New movies showing in Minneapolis

By Wendy Schadewald (Rating system: 4=Don’t miss, 3=Good, 2=Worth a look, 1=Forget it)

“The Best of Enemies” (PG-13) (4) [Thematic material, racial epithets, some violence, and a suggestive reference.] — After a fire closes the African-American school in Durham, N.C., in 1971 and a NAACP leader (Babou Ceesay) holds a two-week summit to decide whether to integrate schools in this powerful, factually based, inspirational, well-acted, educational, star-studded (Nick Searcy, Wes Bentley, Bruce McGill, Caitlin Mehner, and John Gallagher Jr.), 133-minute film based on Osha Gray Davidson’s novel “The Best of Enemies: Race and Redemption in the New South,” feisty, tenacious African-American civil rights and fair-housing activist Ann Atwater (Taraji P. Henson) with a teenage daughter (Nádej Kyla Bailey) and Klu Klux Klan leader and gas station owner C.P. Ellis (Sam Rockwell), who has a wife (Anne Heche) and three children (McKenzie Applegate, Brody Rose, and Carson Holmes), eventually and surprisingly find themselves developing a friendship while coming together on common ground on the issue of school integration.

“The Hummingbird Project” (R) (2.5) [Language throughout.] — An engaging, well-acted, quirky, witty, unevenly paced, 111-minute Kim Nguyen thriller in which a cigarette-smoking, wheeler-dealing hustler (Jesse Eisenberg) with stomach cancer and his computer whiz cousin (Alexander Skarsgård) determine that they can make millions to the chagrin of their former boss (Salma Hayek) by laying an underground fiber-optic cable between Kansas and the New York Stock Exchange servers in New Jersey and reducing the transaction speed by a millisecond in the world of high-frequency trading.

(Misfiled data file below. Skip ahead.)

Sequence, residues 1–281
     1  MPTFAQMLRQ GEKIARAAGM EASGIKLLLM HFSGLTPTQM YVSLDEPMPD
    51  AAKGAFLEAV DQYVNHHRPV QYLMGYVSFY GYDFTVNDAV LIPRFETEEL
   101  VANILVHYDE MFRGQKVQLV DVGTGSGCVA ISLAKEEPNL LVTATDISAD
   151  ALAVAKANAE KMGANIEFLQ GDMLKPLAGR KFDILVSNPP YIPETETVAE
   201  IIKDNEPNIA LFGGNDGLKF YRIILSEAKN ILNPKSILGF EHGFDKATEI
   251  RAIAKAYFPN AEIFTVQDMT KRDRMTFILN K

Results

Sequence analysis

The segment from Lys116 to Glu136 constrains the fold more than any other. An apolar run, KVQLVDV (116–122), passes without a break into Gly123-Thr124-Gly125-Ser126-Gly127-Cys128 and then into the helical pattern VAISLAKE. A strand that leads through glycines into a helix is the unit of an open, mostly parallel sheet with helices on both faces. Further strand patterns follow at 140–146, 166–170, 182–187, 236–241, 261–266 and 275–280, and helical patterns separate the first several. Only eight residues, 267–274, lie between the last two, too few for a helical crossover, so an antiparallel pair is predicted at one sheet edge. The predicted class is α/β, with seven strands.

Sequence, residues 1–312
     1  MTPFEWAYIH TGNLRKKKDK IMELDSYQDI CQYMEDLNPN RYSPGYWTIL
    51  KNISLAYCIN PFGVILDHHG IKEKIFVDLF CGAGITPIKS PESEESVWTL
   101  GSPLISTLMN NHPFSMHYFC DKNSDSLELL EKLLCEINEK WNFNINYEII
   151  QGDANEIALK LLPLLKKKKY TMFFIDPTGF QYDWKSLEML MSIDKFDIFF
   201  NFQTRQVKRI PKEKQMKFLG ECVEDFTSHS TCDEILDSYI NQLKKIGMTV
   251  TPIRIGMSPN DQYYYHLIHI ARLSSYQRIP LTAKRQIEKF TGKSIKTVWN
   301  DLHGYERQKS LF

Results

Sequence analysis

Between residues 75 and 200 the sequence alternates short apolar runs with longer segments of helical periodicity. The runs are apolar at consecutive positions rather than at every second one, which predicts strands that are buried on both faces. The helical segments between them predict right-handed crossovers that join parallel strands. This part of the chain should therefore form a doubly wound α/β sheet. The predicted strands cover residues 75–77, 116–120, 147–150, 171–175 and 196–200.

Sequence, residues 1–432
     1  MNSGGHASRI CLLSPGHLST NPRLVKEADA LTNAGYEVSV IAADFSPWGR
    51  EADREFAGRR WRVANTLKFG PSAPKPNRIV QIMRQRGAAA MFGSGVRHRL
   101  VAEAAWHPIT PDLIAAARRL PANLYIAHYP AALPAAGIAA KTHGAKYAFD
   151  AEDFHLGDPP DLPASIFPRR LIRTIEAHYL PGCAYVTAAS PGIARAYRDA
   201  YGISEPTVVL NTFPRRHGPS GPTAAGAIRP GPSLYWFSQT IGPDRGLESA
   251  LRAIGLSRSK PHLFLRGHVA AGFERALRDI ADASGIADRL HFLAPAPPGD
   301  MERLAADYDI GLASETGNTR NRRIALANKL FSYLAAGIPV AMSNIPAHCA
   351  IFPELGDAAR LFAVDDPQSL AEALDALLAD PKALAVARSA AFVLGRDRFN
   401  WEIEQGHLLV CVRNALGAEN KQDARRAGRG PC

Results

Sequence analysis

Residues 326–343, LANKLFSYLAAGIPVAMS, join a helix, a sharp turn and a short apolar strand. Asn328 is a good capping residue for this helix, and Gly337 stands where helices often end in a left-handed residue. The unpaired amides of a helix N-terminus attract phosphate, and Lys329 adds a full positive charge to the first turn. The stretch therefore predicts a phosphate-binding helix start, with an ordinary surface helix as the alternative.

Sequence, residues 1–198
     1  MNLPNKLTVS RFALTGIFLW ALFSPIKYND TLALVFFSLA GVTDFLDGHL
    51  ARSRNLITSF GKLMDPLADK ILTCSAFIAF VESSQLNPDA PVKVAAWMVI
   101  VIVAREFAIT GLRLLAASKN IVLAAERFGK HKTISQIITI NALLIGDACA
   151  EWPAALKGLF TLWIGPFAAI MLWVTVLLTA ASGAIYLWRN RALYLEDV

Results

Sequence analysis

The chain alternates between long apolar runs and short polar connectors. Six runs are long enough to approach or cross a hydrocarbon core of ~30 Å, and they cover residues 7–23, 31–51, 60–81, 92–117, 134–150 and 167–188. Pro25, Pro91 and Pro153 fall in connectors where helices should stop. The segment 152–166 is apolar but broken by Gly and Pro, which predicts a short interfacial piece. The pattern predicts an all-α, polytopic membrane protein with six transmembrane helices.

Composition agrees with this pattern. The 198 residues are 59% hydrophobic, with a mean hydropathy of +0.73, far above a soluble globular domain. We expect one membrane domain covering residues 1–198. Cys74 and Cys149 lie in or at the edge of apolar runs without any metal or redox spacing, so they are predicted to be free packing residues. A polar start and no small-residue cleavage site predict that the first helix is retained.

“Shazam!” (PG-13) (3) [Intense sequences of action, language, and suggestive material.] — After a 14-year-old, orphaned boy (Asher Angel), who lives with his new foster parents (Marta Milans and Cooper Andrews ) and five other kids (Grace Fulton, Jack Dylan Grazer, Faithe Herman, Ian Chen, and Jovan Armand) in a group home in Philadelphia, learns that he can turn into an adult superhero (Zachary Levi) with magical superpowers in this action-packed, family-oriented, entertaining, humorous, coming-of-age, star-studded (Djimon Hounsou, Meagan Good, John Glover, and Adam Brody), 3D, 132-minute fantasy film, finds himself battling an evil doctor (Mark Strong) and seven deadly sins who want his magical powers.


“Amacord” (NR) (3.5) [Subtitled] [DVD only] — Frederico Fellini’s Oscar-winning, quirky, nonsensical, 123-minute, 1974 film about the eccentric characters living in a seaside village during the 1930s, including an Italian couple (Armando Brancia and Pupella Maggio) raising a horny teenager (Bruno Zanin), a weird prostitute (Josiane Tanzilli), a redhead vixen (Magali Noël), a mentally unhinged uncle (Ciccio Ingrassia), a voluptuous tobacco seller (Maria Antonietta Beluzzi), and two strange schoolteachers (Ferdinando Villella and Mauro Misul).

“Azur & Asmar: The Prince’s Quest” (PG) (4) [Thematic material, some mild action, and peril.] [Partially subtitled] [DVD only] — Stunningly exquisite, intricate animation dominates this vibrant, colorful, family-oriented, 99-minute, 2006 animated film about a blue-eyed traveler (voiceover by Steven Kyman) who crosses the ocean to find the kindhearted nanny (voiceover by Suzanna Nour) who raised him and to compete against his dark-eyed brother (voiceover by Nigel Pilkington) to find the beautiful imprisoned Djinn fairy (voiceover by Emma Tates) in order to marry her.